Within the Prunus campanulata article...

P cerasoides D. Don

P. puddum Roxb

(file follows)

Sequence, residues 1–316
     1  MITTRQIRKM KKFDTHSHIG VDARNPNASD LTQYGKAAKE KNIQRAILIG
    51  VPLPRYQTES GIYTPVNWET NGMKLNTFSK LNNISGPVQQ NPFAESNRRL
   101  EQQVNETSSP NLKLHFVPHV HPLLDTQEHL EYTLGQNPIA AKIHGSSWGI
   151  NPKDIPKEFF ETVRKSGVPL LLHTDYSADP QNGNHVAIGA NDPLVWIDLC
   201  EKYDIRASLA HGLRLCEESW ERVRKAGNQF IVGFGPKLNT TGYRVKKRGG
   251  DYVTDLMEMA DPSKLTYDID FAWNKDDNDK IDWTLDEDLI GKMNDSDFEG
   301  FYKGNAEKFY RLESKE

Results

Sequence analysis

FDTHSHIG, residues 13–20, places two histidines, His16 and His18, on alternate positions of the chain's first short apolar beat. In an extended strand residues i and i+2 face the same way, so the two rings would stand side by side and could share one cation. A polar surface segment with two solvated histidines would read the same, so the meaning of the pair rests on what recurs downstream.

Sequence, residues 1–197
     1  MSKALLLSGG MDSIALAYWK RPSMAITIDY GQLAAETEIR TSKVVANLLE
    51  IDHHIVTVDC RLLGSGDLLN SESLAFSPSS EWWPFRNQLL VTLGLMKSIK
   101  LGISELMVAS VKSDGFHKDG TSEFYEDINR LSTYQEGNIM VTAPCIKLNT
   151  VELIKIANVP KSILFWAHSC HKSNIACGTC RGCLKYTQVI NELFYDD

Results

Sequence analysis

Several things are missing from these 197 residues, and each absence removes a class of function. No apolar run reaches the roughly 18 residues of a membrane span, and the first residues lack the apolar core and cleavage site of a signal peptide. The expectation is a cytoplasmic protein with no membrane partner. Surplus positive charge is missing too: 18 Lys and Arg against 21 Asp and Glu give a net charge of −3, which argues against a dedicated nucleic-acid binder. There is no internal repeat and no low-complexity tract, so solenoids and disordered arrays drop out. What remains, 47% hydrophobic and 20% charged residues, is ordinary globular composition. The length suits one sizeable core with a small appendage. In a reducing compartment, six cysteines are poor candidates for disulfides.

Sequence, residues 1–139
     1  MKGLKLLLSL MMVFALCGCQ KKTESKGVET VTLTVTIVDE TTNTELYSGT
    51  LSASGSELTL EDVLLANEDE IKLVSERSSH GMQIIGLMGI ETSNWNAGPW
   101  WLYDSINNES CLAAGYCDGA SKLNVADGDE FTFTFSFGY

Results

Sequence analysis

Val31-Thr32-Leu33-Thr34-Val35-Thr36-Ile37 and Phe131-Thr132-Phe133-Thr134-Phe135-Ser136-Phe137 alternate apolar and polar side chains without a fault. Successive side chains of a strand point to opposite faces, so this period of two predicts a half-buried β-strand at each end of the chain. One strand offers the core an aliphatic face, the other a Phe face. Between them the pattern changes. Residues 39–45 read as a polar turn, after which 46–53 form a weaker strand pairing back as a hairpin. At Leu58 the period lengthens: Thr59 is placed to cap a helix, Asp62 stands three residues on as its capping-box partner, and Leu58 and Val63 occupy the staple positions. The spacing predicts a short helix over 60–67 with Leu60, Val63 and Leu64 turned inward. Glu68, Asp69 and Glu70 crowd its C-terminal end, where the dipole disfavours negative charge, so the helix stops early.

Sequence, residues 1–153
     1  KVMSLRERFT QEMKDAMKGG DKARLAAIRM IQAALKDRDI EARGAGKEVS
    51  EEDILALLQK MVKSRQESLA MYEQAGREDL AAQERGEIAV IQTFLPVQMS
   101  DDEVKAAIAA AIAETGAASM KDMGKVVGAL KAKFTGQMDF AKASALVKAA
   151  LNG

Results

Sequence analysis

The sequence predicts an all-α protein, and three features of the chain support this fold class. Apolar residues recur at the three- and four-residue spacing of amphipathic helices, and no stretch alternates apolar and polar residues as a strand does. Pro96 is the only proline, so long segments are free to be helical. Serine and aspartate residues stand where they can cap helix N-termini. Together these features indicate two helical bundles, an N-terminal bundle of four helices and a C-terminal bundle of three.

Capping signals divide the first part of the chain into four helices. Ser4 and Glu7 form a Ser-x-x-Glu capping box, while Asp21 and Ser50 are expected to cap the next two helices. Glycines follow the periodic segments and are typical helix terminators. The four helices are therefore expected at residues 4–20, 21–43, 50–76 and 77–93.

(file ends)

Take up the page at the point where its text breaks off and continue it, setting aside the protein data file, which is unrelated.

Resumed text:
This species, which belongs to the same group as P. campanulata, is represented in cultivation by var. rubea Ingram, which ranges from Kashmir along the Himalaya, through upper Burma to W. Yunnan. In the wild it makes a tall tree, bearing its rich carmine flowers well before the leaves in February or March. It was introduced to Britain by Kingdon Ward in 1931 (KW 9314) and flowered at Highdown in Sussex in 1938. Unfortunately in our climate the flowers are paler coloured than in the wild, and are borne with the unfolding leaves. Twigs reddish brown, glabrous. Leaves 2{1/2} to 4{1/2} in. long, oblong-elliptic acuminate or caudate, almost glabrous, bright green above, conspicuously veined, with simple, gland-tipped serrations. Flowers more or less bell-shaped, two to four in umbellate or shortly pedunculate clusters. Calyx-tube glabrous, bright crimson, its lobes ciliate and of the same colour. Bot. Mag., n.s., t. 12. See also: Kingdon Ward, Plant Hunters Paradise, pp. 149-50, and Journ. R.H.S. Vol. 71, pp. 321 and 74, p. 289.


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